If the lender is not liening the lake front lot together with the off water lot (assuming they are deeded separately and wholly owned by the subject property owner) contributory value is $000.00 .

Even if the lender attaches both, how much more value would a private access lot have vs a common access lot, say owned by an association, which offers the same access?

Got luck on determining that value.:shrug:


In our area I have had a number of these. Some times they transfer with the title to the subject property the home is on, sometimes they don’t. sometimes they are undivided interest with other owners.

If there is public or common access points on the lake the private owned lot has little to no value in many cases.

It does take a lot of research to figure out some times and there for worth many more beaver pelts from around the lake.
 

Mike Boyd

Elite Member
Joined
Jan 18, 2002
Professional Status
Retired Appraiser
State
California
[, I am open to some creative suggestions here. Thanks![/QUOTE]

For a moment, what would you do if that extra lot had a house on it? It's not attached to the main property so it is likely you would recommend a separate appraisal, right?

Approach the 2nd lot the same way.
 

Lawrence R.

Thread Starter
Senior Member
Joined
Mar 27, 2007
Professional Status
Certified General Appraiser
State
South Carolina
[, I am open to some creative suggestions here. Thanks!

For a moment, what would you do if that extra lot had a house on it? It's not attached to the main property so it is likely you would recommend a separate appraisal, right?

Approach the 2nd lot the same way.[/quote]

Well, it would be one small house...I am going to the Clerk's office now, so I will be back with more info. Film at 11
 

Lawrence R.

Thread Starter
Senior Member
Joined
Mar 27, 2007
Professional Status
Certified General Appraiser
State
South Carolina
OK, no mention of it in his deed. The original survey shows his lot exactly as the most recent survey(1996) shows it.

There is no reference to the other strip of land in any of these surveys, either.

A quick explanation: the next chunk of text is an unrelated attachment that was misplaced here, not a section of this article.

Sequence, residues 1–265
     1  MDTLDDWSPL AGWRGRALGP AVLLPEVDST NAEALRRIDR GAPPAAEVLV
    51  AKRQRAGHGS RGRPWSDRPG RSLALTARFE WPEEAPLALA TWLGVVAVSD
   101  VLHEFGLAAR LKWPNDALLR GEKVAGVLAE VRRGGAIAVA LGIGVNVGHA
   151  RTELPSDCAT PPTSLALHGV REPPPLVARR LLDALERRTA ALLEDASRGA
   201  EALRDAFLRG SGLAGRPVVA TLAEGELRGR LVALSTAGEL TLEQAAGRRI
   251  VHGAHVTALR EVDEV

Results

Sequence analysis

Interstingly enough, the Assessor's map shows the piece of land, with no parcel number, and they assert it is a common area. The funny part is, there is another strip just like it a few hundred yards down, and it does have a parcel number.

Based on the fact that I can't prove he owns it, or has exclusive rights to it, I am probably going to leave it out of the value of the house and lot and rock on.
 

Mary Tiernan

Senior Member
Joined
Dec 16, 2003
Professional Status
Retired Appraiser
State
Michigan
Had a similar situation very recently. Homeowner says they have private 50' frontage with their own dock. The dock has been with the property since the 50s. Well, I know on some lakes around here once a new crew owns the properties, law suits happen. If it ain't written down, it don't matter.

I contacted the assessor to see what was up. Their 50' private frontage is a common alleyway to the lake for the property owners in the subdivision. Guess what? Their house is not even in the subdivision.

Be vewy vewy careful.
 
Status
Not open for further replies.
Find a Real Estate Appraiser - Enter Zip Code

Copyright © 2000-, AppraisersForum.com, All Rights Reserved
AppraisersForum.com is proudly hosted by the folks at
AppraiserSites.com
Top

AdBlock Detected

We get it, advertisements are annoying!

Sure, ad-blocking software does a great job at blocking ads, but it also blocks useful features of our website. For the best site experience please disable your AdBlocker.

I've Disabled AdBlock
No Thanks